Mr. Hardcastle is rather an easy-going gentleman, tolerant in spirit, living his own way in the countryside, with little ambition, old-fashioned too, unlike his wife who is discontented with country life and studies fashion magazines of town, which she would like to ape. His favourite stories are those of Prince Eugene and the Duke of Marlborough. He has a little company. His wife’s complaint about him is that he will not take a trip to town to give him a little polish. And he seems to be concerned about town-follies spilling over to the countryside. “I wonder why London cannot keep its own fools at home.” There is some disagreement between him and his wife over the wild ways of Tony but he tolerates his tricks and mischiefs. His relation to his daughter. Kate, is of the most informal kind, and he allows her some latitude too. In any case he treats her and everybody fairly. When he is expecting Marlow, he takes his daughter into his confidence, telling her about the young man and what he thinks of him. It is a frank talk between father and daughter. He is glad to hear that his daughter will not take it to heart if the young fellow, who is-spoken off as young and handsome and not without nobler virtues though he is bashful and reserved, will reject her. There is good understanding between father and daughter. It appears that he does not get all that is due to him from his wife, and he is drawn more closer to his daughter.
Like a good host he prepares his servants for the reception of Marlow- and Marlow later disappoints him. He tells Marlow and his friend, Hastings, his favourite story of the Duke of Marlborough, but he receives little response from them. He is shabbily treated by them. He does not at first appear to be sensitive. Marlow orders a glass of punch, and Hardcastle is a little intrigued by the way Marlow is behaving with him. We learn incidentally that Hardcastle is little interested in politics. Once he bothered much about the mistakes of the government, but now he leaves it to go its own way. But he has a great deal to do to settle the disputes’ in his neighbourhood. His guests are far from being entertained by his story of Prince Eugene which he is not allowed to finish. Marlow demands his supper and wants to look about it himself. They talk of the menu and the bill, but Hardcastle does not suspect that his guests are talking as if they were at an inn. Hardcastle is too good-natured. They have no desire to hear the story of his uncle, Colonel Wallop: yet Hardcastle thinks nothing of their snubbing. They discuss the menu and want to cut out this and that item. Hardcastle seems to be confounded by the manner in which they talk. “Their impudence confounds me.” He is still polite to them. He does not know whether it is a sample of modern modesty.
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He is not a very discerning man, and cannot suspect what can be wrong with Marlow whose father recommends him as the modest young man in town. He has not the remotest idea that his house is being treated as an inn and he as an inn-keeper. His daughter’s impression of Marlow seems to surprise him all the more. He has been more than modest to Kate, and he is all impudence to Hardcastle. How to reconcile these contradictory impression? Miss Hardcastle is more discerning certainly. When she is told that he has been treated with undue familiarity and asked if he was a maker of punch, she thinks that there must have some mistake. He is easily persuaded by his daughter to let her have a fair trial with Marlow. We see again that Hardcastle is an easy-going, good- natured gentleman. He does not even lose his temper when he next sees Marlow, holding his daughter by the hand and his daughter struggling with him. He must have infinite patience and a consideration for his friend, Sir Charles Marlow. His daughter again persuades him to give her a little more time when she will convince him that Marlow is a modest young man. The conduct of Marlow’s servants is now insufferable. They are in possession of Hardcastle’s cellar and are getting drunk. Marlow is encouraging his servants in this matter. Now Hardcastle loses his patience, and desires Marlow to leave his house, but Marlow does not take him seriously. He cannot think of leaving his house so late at night. He, however, calls for the bill. Even then Hardcastle does not see Marlow’s mistake. Hardcastle tells him that he has been so disappointed by him because his father’s letter led him to expect a well-bred, modest man whereas he finds him a coxcomb and bully. He is expecting Marlow’s father soon. Now the truth begins to dawn upon Marlow, but Hardcastle is miles away from it.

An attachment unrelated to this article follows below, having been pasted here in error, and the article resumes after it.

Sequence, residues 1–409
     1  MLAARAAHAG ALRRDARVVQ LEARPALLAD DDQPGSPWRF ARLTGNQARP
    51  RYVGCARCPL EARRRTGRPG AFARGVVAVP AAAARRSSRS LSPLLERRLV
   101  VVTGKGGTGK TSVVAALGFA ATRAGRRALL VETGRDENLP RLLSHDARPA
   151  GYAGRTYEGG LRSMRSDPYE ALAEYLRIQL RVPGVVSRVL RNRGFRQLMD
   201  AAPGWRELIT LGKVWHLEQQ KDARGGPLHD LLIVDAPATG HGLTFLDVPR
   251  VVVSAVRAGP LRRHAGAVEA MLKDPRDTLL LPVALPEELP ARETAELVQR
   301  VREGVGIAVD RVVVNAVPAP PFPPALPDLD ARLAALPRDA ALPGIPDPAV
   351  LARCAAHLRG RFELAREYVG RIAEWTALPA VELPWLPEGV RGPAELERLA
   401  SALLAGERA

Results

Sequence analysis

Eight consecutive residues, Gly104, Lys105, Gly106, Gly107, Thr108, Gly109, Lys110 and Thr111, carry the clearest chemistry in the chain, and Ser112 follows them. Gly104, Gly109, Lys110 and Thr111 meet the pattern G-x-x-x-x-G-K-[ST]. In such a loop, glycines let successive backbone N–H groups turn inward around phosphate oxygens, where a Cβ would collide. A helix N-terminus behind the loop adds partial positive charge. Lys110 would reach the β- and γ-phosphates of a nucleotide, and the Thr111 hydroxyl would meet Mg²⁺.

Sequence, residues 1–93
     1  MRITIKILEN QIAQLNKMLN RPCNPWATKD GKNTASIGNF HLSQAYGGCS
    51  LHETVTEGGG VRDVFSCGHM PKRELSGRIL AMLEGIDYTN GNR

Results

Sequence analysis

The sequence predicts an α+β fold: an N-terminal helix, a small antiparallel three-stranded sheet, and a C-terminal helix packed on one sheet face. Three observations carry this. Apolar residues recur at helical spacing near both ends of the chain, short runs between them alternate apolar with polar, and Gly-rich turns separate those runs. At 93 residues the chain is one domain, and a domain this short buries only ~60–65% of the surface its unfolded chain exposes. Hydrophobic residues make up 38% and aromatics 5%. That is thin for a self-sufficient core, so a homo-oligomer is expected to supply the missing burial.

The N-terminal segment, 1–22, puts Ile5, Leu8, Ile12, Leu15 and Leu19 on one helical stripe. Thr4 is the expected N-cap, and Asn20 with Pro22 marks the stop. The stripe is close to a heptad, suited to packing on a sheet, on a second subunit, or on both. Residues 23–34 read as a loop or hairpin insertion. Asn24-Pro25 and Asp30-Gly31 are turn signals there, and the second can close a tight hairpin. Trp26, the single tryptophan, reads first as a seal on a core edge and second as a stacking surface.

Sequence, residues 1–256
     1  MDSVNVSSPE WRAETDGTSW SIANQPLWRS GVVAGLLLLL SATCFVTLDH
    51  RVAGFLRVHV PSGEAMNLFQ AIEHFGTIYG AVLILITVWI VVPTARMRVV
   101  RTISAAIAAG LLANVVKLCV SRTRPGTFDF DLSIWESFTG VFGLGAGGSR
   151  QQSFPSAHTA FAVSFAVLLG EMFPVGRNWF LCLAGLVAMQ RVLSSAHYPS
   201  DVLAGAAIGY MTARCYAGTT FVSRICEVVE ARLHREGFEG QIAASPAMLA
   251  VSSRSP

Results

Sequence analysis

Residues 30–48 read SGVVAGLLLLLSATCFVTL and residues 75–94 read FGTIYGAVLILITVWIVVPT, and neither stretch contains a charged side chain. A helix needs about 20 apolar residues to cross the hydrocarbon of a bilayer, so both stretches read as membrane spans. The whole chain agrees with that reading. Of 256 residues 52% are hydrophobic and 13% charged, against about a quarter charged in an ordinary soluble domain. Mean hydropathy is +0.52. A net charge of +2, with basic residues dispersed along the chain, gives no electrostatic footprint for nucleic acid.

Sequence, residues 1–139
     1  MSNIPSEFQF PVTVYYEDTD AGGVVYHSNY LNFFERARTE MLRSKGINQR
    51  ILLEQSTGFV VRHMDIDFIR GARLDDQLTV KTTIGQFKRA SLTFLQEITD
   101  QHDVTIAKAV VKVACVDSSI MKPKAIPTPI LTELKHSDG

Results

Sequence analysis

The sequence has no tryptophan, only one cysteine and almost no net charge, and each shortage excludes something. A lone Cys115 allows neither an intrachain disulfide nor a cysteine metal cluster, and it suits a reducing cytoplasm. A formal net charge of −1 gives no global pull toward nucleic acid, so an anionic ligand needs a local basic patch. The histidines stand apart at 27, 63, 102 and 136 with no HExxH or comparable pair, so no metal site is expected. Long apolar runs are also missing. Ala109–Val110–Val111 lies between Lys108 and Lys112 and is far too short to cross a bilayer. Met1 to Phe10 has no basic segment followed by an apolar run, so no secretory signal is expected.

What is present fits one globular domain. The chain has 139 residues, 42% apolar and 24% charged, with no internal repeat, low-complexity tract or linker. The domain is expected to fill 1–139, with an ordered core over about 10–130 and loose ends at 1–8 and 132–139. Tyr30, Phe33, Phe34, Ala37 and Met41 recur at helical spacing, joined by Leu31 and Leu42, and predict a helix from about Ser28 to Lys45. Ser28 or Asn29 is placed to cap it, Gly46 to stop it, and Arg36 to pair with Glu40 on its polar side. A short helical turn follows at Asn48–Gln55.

Marlow’s folly is known to Hardcastle by the time his father arrives. And he, good-natured as he is, laughs over it. He readily forgets the insults he met at the hands of Marlow. Marlow personally begs his forgiveness and Hardcastle has already forgiven Marlow. He is perplexed when Marlow denies having made any demonstration of affection for his daughter and denies to his father too that he never grasped Miss Hardcastle by the hand. The matter is settled by another test of Marlow, proposed by Miss Hardcastle. Hardcastle’s and Marlow’s father watch and overhear the two unseen when they meet again. And there is again a demonstration of Marlow’s affection for Kate. Now the last mistake of Marlow about Miss Hardcastle, being first, a barmaid and then a poor relation of the family is dispelled. Hardcastle bears his part in bringing Marlow’s affair with his daughter to a happy issue. In Hastings’s affair with Miss Neville. Hardcastle plays a similar role. He declares Tony as being of age, and the matter is easily settled by Tony formally renouncing Miss Neville so that Hastings is now free to marry Miss Neville with her fortune too. So Hardcastle proves a good angel in the play.